Augmedix gets $3.2 million to bring Google Glass to doctors

By: Brian Dolan | Mar 24, 2014        

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AugmedixDoctor2San Francisco-based Augmedix, which has developed a Google Glass clinical documentation offering for physicians raised $3.2 million last week in a round led by DCM and Emergence Capital Partners. Other investors included Great Oaks Venture Capital, Rock Health’s LPs (Kleiner Perkins, Mohr Davidow Ventures, and Aberdare), and various angels. Emergence had previously invested in Doximity and Welltok, while Great Oaks is also an investor in Healthtap.

Augmedix, founded in 2012, now has 36 employees. Its CEO and co-founder Ian Shakil told MobiHealthNews that Augmedix software is already deployed at “numerous different sites”, including one “top five national health system”.

“We are going after one of the biggest pain points in healthcare: The fact that doctors spend 30 or 40 or 50 percent of their day on the computer documenting the EHR — toiling away — pushing and pulling information,” Shakil said. “They often do it right in front of the patient — back turned — and typing. Then when the patient leaves even more type, type, type — feeding the beast.” 

Shakil said Augmedix will help outpatient clinic doctors reclaim that clinical documentation time and improve their patients’ overall experience by helping them have more time to care for patients.

“When doctors use Augmedix and Google Glass, they don’t spend 30 or 40 or 50 percent of their day on this they spend about 1 percent of their day at the computer,” Shakil said. “In the process we have re-humanized the doctor-patient interaction and it, actually, believe or not, yields better patient records in terms of clinical documentation quality.”

While Shakil won’t yet explain how Augmedix goes about automatically capturing information during a patient visit, he framed the experience of using Augmedix it from the physician’s perspective.

“We can’t go too terribly deep on this but I can unveil a few layers of this onion,” he said. “It really boils down to the doctor wearing Google Glass, going into the clinic, interacting with the patient and having that humane, high touch conversation that they always wanted to have. At the end of the visit, all of the structured data, all of the EHR information, is in the EHR where it belongs. The way he wants it. Following a visit, doctors [go to their computer] and check that the information entered into their EHR doesn’t need any edits and then click confirm.”

Shakil said while pushing structured data to the EHR is Augmedix’s core offering, it also helps doctor’s call up information from a patient’s record, too. The doctor might ask Glass to find the patient’s last three blood pressure readings from their record and Glass will present them in the heads up display.

Of course, Augmedix users are not sending these requests via Google, Shakil’s company has “carved out” much of the off-the-shelf features of Google Glass for when it is in “healthcare” mode. Its healthcare facility customers have also required it to offer various mobile device management features so that administrators can track, for example, where each and every Augmedix-powered Google Glass is in its facility.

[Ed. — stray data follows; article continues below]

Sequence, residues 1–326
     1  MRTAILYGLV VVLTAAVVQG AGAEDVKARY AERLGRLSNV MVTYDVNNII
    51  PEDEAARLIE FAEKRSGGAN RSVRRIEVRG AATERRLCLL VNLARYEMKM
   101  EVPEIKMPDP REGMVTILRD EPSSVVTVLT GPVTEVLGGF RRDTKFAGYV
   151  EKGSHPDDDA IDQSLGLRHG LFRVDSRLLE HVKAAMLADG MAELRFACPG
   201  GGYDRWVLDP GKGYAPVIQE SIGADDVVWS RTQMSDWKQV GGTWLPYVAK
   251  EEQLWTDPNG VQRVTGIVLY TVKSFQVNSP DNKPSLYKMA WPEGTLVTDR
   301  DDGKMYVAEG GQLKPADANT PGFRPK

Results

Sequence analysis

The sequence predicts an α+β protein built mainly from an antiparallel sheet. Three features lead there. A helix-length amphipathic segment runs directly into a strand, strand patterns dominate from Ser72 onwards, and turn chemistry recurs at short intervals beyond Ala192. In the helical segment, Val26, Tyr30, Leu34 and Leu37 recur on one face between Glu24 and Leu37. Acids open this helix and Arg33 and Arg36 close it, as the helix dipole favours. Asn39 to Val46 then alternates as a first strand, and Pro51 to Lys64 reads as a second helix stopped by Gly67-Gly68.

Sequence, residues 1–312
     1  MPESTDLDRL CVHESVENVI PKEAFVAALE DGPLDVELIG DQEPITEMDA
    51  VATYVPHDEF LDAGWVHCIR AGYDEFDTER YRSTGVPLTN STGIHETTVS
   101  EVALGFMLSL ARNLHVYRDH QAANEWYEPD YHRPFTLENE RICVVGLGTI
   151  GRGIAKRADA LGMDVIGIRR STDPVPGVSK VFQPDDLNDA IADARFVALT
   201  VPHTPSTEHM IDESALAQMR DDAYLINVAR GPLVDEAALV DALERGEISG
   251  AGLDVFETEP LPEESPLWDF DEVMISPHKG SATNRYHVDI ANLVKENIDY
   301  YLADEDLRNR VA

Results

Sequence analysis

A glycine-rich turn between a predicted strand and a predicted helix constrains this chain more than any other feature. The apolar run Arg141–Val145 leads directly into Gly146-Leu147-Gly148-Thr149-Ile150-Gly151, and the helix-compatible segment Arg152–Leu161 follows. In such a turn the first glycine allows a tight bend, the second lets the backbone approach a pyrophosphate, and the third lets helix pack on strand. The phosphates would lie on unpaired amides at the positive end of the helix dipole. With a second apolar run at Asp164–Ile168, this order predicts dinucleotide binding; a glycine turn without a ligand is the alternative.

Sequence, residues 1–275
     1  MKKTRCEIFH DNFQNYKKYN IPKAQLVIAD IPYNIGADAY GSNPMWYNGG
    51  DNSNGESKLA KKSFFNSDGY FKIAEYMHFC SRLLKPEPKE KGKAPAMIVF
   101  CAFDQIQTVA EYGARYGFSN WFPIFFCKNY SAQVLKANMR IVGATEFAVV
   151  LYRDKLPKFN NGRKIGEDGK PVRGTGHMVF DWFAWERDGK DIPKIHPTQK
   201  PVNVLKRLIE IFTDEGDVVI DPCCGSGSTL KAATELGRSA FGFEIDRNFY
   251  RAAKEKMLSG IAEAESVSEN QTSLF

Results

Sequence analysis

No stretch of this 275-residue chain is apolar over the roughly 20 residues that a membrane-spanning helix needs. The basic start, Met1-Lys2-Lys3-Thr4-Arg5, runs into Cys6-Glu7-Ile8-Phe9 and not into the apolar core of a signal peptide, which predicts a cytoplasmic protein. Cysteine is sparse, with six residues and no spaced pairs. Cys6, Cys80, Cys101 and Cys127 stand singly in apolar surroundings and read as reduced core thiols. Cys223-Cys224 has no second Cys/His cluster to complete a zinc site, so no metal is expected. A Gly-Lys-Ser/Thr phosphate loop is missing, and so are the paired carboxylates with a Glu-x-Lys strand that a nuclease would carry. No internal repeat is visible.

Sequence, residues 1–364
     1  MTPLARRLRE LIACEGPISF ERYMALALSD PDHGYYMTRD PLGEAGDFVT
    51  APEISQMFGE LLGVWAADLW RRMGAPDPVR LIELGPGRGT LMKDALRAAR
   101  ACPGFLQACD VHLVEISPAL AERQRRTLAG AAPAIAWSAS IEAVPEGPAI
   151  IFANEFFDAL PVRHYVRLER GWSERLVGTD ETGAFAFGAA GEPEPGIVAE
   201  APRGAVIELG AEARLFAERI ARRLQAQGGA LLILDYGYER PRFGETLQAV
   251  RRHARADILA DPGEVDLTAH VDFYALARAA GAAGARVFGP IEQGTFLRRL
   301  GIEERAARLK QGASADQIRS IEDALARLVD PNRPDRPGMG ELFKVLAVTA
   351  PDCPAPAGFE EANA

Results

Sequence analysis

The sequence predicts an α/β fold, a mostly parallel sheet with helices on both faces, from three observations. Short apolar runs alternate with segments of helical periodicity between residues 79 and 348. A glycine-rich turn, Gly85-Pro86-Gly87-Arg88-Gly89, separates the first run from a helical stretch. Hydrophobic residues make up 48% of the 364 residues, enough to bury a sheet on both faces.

“All the audiovisual stream capture is not going through Google’s infrastructure, it is going through HIPAA-compliant infrastructure that we have certified with our doctor customer groups,” Shakil said.

Augmedix customers pay monthly subscriptions per physician in exchange for the modified Google Glass unit, Augmedix software, support, and the HIPAA-compliant infrastructure. Shakil says that Augmedix is, in effect, a reseller of Google Glass.

The patients who visit a clinic where physicians use Augmedix’s offering are given information about the Google Glass units their doctor might wear during the visit. The front desk provides them with information about the security and privacy aspects of Augmedix and then are given the option to request that their doctor not use the device during their visit if they aren’t comfortable.

“So far, Glass stays on 99 percent of the time — at least,” Shakil said. “And we have replicated this test with so many sites, including right here in San Francisco and in the middle of nowhere Texas. It goes well beyond Glass just staying on – patient satisfaction scores actually go. That’s true for young and old patients as well as rural and urban areas.”

In addition to better eye contact with their doctors and fewer visit where doctors are entering data on their computers with their backs to them, patients get more out of the Augmedix-enabled doctor visit.

“There is also the sense that your doctor is on the cutting edge and an early adopter of technology,” Shakil said, “which even further improves those perceptions scores. I think those will fade away once people are more used to seeing Glass or hearing about it.”

  • http://www.augmentedrealityltd.com Brian Casson

    There are a number of innovative uses for wearable technology in health care. This is but one example. I have high expectations for the future with wearable technology, in particular in surgery, delivering quantifiable improvements in patient outcome.